GURPS had some interesting technomagical stuff in one of their sourcebooks (3rd edition era, GURPS Technomancer). Spells on datachips that you would insert into your port, allowing your cybermage to have a different selection of spells depending on which chip he had slotted, for instance. Magical 'nukes' that created a necromantic dead zone (and raised the corpses of those killed as radioactive zombies!). Clunky batteries that could store arcane power to fuel magical effects and rituals. Funky stuff like that.

I'm sure lots of other games had similar stuff, like Shadowrun or Rifts, but I didn't play those particular games.


scifi and fantasy can really work well together, i just find pathfinder does so poorly. there is no reason why i should need ammo for my sword, or any other melee weapon for that matter. Ammo is for ranged weapons, and charges are for wands and it should stay that way.


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Lady-J wrote:
scifi and fantasy can really work well together, i just find pathfinder does so poorly. there is no reason why i should need ammo for my sword, or any other melee weapon for that matter. Ammo is for ranged weapons, and charges are for wands and it should stay that way.

Wouldn't that depend on the melee weapon? A taser-style mace, a chainsword, an energy blade, or a vibro-weapon are obvious examples of a melee weapon that would use "ammo" of a sort.


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Bluenose wrote:
Lady-J wrote:
scifi and fantasy can really work well together, i just find pathfinder does so poorly. there is no reason why i should need ammo for my sword, or any other melee weapon for that matter. Ammo is for ranged weapons, and charges are for wands and it should stay that way.
Wouldn't that depend on the melee weapon? A taser-style mace, a chainsword, an energy blade, or a vibro-weapon are obvious examples of a melee weapon that would use "ammo" of a sort.

yes they do but they shouldn't they are not firing projectiles they are melee weapons from an advanced society one that should have no restrictions to how much you can use it much like how in starwars there's no limit to how long or how many times you use a light saber you don't see jedi swapping out kyber crystals during or even after a fight why should my fighter with their lazer sword


Dale McCoy Jr wrote:

I was against it for the longest time. I've been warming to it.

But you are right, it is silly to say that using a wand of fireballs to take down a dragon is believable while a ray gun that shoots exploding fiery bursts to take down a dragon is just too far fetched.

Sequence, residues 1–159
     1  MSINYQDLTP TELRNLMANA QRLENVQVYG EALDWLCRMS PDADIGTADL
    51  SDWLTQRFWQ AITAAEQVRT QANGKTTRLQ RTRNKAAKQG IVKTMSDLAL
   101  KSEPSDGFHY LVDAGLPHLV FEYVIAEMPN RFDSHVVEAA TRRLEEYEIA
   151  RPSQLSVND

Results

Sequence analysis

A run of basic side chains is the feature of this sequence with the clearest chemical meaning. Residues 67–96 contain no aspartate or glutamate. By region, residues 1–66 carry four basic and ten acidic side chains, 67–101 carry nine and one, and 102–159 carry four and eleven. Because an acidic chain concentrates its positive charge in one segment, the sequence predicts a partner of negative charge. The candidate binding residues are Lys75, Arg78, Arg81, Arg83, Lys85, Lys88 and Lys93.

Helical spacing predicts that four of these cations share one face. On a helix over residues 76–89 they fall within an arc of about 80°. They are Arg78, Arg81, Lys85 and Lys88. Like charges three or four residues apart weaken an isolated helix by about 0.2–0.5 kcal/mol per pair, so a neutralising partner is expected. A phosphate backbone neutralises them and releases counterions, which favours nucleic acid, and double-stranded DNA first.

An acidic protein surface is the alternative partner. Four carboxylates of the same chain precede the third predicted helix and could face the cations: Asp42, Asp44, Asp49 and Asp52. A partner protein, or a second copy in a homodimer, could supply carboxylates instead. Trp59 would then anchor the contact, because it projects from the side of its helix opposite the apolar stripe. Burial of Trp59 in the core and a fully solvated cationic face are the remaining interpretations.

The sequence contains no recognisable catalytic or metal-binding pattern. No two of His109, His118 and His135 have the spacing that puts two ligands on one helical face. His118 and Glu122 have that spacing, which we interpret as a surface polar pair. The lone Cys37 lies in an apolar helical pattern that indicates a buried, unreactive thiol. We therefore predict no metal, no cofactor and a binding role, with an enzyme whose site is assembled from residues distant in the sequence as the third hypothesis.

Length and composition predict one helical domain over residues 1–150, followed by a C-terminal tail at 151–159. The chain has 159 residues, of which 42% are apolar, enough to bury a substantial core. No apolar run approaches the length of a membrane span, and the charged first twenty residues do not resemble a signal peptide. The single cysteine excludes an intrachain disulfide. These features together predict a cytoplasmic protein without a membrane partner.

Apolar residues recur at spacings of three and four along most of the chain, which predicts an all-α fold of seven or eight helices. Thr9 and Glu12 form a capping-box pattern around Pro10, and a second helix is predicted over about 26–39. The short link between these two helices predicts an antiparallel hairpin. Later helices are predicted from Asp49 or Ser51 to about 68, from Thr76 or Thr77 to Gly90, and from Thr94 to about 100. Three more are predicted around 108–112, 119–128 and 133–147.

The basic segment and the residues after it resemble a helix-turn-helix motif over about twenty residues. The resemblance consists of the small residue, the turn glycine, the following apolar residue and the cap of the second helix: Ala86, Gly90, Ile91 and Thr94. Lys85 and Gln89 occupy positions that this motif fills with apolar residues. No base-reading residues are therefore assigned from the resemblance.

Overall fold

For most that dislike the mix it isn’t a matter of ‘believability’ but that it doesn’t give them the ‘feel’ they look for when playing ...


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Lady-J wrote:
Bluenose wrote:
Lady-J wrote:
scifi and fantasy can really work well together, i just find pathfinder does so poorly. there is no reason why i should need ammo for my sword, or any other melee weapon for that matter. Ammo is for ranged weapons, and charges are for wands and it should stay that way.
Wouldn't that depend on the melee weapon? A taser-style mace, a chainsword, an energy blade, or a vibro-weapon are obvious examples of a melee weapon that would use "ammo" of a sort.
yes they do but they shouldn't they are not firing projectiles they are melee weapons from an advanced society one that should have no restrictions to how much you can use it much like how in starwars there's no limit to how long or how many times you use a light saber you don't see jedi swapping out kyber crystals during or even after a fight why should my fighter with their lazer sword

Just because you don't see a Jedi doing those mundane actions during the course of a movie doesn't mean they don't have to. It just means that the writer of the screenplay doesn't think it's necessary to the telling of the story.

Also, Star Wars is barely sci-fi. It's more of a fairy tale or morality play that happens to be set in a futuristic environment, but hardly touches on anything science related at all.


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The technomancer is really cool for this concept. The kaorti were brought up, that is always fun. They have a good xenomorph feel to them.

I don't see NASA invading anything, really. Crashing, sure. Solar storm sends the space station into a cosmic rift and it appears in a low decaying orbit over whatever pathfinder world you want this to take place in. Maybe the space station has a group of space marines that immediately open up on some open up on the first non human they encounter, because everyone on the space station has only seen humans. Metal tower appears in the sky and comes crashing down, bunch of humans come charging out with guns blazing. Have the marines weapons be the only guns this world of magic have seen. Your party could be tasked with preventing war, or starting it, or ending it.